The Judiciary has published the decision of Mr Justice Openshaw regarding whether Lord Greville Janner is fit to plead - read the decision dated 7th December 2015.  The learned judge took the opportunity to restate the test for fitness to plead or stand trial set out in R v Pritchard (1836) 7 Carrington and Payne 303 where Alderson B said:

‘There are three points to be enquired into:- first, whether the prisoner is mute of malice or not; secondly, whether he can plead to the indictment or not; thirdly, whether he is of sufficient intellect to comprehend the course of the proceedings in the trial so as to make a proper defence – to know that he might challenge any of you [the jury] to whom he may object – and to comprehend the details of the evidence, which in a case of this nature must constitute a minute investigation.”

Alderson B was stating the law for a jury.  In modern law, the decision as to fitness is taken by the trial judge and not a jury.

Openshaw J's modern formulation of the test is:

Saturday, 5 December 2015

Understanding UN Security Council Resolutions

United Nations Security Council Resolutions (UNSCR) are most important at an international level and yet they can be difficult to interpret.  They are not treaties.  Understanding of the proceedings at the Council prior to the resolution is essential to reach a proper interpretation.  Furthermore, they are are not subjected to the sort of detailed examination that accompanies the enactment of national legislation.  Pressures of time and politics are also in play.  For an expert view of how interpretation should be approached see:

Michael C. Wood - Max Planck Yearbook of United Nations Law 1998 - Interpretation of Security Council Resolutions

and for a video presentation see - Michael C. Wood on the Interpretation of UN Security Council Resolutions

Friday, 4 December 2015

Criminal Courts Charge disappears on Christmas Eve ..... government reviewing financial orders

UPDATE 29th January 2016 - Report of Joint Committee on Statutory Instruments raising question over how the charge was removed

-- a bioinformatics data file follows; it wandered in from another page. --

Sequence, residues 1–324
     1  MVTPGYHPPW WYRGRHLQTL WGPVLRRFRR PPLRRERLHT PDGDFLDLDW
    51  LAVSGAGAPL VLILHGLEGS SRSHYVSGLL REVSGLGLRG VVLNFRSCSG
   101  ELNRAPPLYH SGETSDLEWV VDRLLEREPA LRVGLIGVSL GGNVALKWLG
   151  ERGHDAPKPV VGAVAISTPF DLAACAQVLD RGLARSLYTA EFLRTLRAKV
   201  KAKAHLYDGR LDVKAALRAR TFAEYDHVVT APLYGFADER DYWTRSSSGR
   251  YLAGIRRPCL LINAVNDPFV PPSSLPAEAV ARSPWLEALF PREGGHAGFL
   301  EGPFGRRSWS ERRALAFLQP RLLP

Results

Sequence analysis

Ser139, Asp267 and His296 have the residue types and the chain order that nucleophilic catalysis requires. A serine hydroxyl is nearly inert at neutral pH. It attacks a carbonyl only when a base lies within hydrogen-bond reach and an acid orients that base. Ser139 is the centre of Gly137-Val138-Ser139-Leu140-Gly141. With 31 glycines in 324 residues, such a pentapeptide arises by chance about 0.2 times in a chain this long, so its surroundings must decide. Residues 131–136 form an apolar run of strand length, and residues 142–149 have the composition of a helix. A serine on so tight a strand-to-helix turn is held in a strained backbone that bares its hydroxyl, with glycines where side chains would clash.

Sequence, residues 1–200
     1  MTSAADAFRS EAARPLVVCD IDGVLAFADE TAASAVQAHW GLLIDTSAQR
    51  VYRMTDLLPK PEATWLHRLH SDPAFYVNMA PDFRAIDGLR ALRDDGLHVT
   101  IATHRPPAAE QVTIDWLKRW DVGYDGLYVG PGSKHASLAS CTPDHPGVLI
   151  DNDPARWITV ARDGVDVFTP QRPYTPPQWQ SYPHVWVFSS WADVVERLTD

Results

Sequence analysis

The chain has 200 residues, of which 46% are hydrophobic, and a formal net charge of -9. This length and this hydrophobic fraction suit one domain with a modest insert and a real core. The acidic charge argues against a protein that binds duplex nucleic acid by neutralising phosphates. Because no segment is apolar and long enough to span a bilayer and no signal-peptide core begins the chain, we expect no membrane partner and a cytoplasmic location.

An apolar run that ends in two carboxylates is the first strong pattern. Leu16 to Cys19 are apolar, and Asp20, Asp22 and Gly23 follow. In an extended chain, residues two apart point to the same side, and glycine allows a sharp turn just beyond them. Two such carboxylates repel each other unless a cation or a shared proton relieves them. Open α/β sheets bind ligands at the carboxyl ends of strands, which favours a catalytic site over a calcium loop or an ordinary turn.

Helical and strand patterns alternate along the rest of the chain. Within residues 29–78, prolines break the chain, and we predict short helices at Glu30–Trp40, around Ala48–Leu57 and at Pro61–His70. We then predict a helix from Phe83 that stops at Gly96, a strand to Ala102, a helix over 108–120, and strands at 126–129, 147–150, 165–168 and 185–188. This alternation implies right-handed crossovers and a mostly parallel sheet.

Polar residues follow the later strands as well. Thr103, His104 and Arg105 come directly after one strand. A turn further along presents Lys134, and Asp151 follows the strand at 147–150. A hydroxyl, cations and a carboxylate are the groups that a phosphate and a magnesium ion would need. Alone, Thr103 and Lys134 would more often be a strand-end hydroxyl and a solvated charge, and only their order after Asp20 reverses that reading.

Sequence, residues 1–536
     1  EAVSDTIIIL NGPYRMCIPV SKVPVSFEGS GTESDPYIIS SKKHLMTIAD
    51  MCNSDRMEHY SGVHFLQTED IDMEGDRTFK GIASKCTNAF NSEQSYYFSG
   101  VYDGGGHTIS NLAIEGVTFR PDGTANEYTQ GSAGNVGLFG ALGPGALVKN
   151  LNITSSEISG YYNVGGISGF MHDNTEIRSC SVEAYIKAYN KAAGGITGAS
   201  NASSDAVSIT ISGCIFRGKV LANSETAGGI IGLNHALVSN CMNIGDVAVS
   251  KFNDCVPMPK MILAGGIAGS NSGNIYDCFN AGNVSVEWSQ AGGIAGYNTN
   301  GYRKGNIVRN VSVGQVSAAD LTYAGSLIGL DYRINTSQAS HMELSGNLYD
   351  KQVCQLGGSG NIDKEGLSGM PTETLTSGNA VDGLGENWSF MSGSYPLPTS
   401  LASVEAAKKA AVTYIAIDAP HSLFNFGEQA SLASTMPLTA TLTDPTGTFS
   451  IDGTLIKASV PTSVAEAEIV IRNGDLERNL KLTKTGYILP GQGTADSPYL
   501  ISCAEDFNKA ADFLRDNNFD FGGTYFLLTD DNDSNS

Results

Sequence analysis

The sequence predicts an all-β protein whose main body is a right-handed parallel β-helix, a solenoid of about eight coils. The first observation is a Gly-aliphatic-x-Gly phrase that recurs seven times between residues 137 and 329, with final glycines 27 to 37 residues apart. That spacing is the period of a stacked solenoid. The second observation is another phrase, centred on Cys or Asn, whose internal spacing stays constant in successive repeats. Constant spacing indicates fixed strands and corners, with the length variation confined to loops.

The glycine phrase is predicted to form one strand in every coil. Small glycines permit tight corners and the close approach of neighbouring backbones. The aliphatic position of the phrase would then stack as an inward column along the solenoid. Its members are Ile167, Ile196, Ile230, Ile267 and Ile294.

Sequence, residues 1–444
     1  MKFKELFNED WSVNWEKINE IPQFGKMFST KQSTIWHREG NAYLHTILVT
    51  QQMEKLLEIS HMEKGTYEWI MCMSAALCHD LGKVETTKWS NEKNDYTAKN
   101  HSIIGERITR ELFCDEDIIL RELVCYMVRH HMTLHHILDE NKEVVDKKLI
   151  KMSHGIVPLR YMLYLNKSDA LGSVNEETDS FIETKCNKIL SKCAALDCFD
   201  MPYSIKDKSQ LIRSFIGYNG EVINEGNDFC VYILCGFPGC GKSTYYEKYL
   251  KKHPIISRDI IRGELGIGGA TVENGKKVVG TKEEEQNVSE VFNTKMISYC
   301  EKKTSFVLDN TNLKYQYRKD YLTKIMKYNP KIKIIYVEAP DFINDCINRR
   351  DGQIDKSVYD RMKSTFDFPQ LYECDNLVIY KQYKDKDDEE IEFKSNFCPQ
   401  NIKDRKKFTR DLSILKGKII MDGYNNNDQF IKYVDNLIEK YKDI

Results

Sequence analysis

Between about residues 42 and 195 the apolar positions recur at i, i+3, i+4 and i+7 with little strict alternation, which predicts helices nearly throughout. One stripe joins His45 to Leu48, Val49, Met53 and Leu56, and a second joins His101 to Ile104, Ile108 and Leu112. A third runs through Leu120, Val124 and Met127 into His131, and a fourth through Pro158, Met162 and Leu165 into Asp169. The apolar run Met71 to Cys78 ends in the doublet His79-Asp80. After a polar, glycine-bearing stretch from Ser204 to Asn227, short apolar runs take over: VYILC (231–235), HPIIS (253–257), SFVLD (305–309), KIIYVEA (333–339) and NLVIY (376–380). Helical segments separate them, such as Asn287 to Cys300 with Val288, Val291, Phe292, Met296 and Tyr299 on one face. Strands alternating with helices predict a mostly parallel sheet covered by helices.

Details of the Criminal Courts Charge are in this post of 30th July 2015.   In a speech to the Magistrates' Association, Michael Gove (Secretary of State for Justice and Lord Chancellor) announced that he had laid in Parliament an amending statutory instrument so that - from the 24th of December - the criminal courts charge will no longer be imposed.

The Criminal Justice and Courts Act 2015 section 54 introduced the Criminal Courts Charge.  Section 54 came into force on 13th April 2015 and, on the same date, the Prosecution of Offences Act 1985 (Criminal Courts Charge) Regulations 2015 came into force.  It was Paragraph 3 of those regulations which dealt with the amount that had to be ordered and the actual amounts were set out in a Schedule.

Amendment regulations

Wednesday, 2 December 2015

Human rights proposals delayed ~ Lord Chancellor at the House of Lords Constitutional Committee

The Secretary of State for Justice and Lord Chancellor has given evidence to the House of Lords Constitution Committee and the filmed session is available for viewing.

Questions ranged over several important issues including the Lord Chancellor's Oath;  the dual role of Secretary of State and Lord Chancellor; Constitutional Reform; the Ministerial Code; Prisoner Voting and Reform of the Courts and Tribunal Service.

The most interesting aspect of the session was that Mr Gove said that there will be a Consultation Paper relating to Human Rights Reform and this will now appear in "the New Year" (no specific date offered).  The paper would contain a series of "open ended questions" and would seek as broad a consensus for reform as possible.